“I finally talked to Ritchie Shoemaker,” he said. “And I pinned him down about how to interpret these tests.” He showed me a chart in the book, and how certain numbers on my lab results matched up to the ones in the chart. I had a perfect match, three out of three.

“So this means I have the genome for the weak liver you were talking about?” I asked.

“Yes,” Dr. Ross said. “It means your liver doesn’t make the correct enzymes to get rid of toxins, especially mold and Lyme toxins.”

So it was true after all. My liver wasn't working the way it should be. I let the news sink in, the air around me felt lighter, brighter. It almost shimmered.

Beautiful surprise. As thrilling as when I got the e-mail that my first short story would be published--even bigger than that. Everything would change now. Stupendous.

“For real?” I asked.

“Yes.” Dr. Ross was crossing the room, back to his usual chair so he could make notes on his laptop.

“So I have the ‘dreaded genotype’?” (Amy Derksen had used this phrase.)

“That's what Shoemaker calls it.” Ross looked like he wasn’t sure whether or not to smile.

“Oh my god, Dr. Ross! That’s wonderful! I want to hug you!” I jumped up from my chair and threw my arms around him, and we both burst into laughter.

"OK, let's talk about treatment,” he said once we'd regained our composure.


“Exactly,” I sat back down, reached for my notebook to start taking notes again, still in amazement. I knew at last why I’d been suffering so much. I felt tears in my eyes and turned my face down to my notebook until the moment passed. To hug my doctor was fine, but to then start sobbing would have been too much.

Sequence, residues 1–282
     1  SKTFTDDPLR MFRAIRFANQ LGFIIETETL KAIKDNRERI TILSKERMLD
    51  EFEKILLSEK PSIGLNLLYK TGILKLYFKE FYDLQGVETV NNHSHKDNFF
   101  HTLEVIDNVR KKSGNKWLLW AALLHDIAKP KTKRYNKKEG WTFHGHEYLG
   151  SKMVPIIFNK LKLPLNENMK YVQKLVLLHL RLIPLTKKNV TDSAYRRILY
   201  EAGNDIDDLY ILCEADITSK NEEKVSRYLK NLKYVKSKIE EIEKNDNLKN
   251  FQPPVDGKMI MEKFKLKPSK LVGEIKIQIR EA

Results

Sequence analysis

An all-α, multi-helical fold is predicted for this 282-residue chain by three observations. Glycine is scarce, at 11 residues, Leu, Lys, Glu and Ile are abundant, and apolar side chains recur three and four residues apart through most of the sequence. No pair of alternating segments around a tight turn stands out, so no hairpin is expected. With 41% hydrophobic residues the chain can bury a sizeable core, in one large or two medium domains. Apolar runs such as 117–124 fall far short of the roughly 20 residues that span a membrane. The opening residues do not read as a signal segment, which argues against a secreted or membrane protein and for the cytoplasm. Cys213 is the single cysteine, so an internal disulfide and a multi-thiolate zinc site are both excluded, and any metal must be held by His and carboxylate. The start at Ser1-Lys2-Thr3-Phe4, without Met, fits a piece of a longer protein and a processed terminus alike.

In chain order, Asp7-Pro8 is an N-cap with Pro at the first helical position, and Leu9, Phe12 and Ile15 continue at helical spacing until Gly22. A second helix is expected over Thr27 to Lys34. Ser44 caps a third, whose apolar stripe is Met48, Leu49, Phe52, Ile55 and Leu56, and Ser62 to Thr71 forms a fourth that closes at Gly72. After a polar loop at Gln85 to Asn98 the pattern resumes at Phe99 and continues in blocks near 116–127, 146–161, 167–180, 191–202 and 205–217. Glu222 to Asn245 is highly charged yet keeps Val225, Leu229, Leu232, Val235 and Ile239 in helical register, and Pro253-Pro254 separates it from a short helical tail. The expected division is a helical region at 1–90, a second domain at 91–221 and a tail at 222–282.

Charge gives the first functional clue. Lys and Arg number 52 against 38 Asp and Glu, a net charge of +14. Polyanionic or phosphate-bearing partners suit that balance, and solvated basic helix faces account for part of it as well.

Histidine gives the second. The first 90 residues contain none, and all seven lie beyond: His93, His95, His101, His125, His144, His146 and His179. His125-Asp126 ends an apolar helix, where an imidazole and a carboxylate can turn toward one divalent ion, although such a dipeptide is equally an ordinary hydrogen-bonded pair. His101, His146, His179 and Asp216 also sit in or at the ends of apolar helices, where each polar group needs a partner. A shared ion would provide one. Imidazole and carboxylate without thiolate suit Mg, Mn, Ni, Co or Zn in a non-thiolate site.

We discussed Cholysteramine—a prescription medication that will bind up the toxins my liver isn’t processing correctly and pull them out of my bowel.

“And I want you to stop your antibiotics,” he said.

“You do?”

“Yes. At this point, I’m not even sure you still have Lyme. It could all be caused by liver issues. Let's let the cholestyramine work on its own. And go see Amy Derksen again so you can cut down on your supplements as much as possible.”

I walked out of my appointment transformed. I might be able to break out of this prison after all.

Tuesday, July 19, 2011


When I last saw Dr. Ross, he was excited to try a new approach, pioneered by Dr. Ritchie Shoemaker, which focuses on chronic inflammation caused by factors other than Lyme. That would be (as Dr. Ross explained to me) low Vitamin D, a sinus staff infection, and liver issues. When I ran the tests my Vitamin D was in fact low (see above), but when it came to my liver test (HLA-DR typing) Ross said he needed to do more research and talk to Shoemaker, but he was 90% sure I didn’t have a genetic liver problem.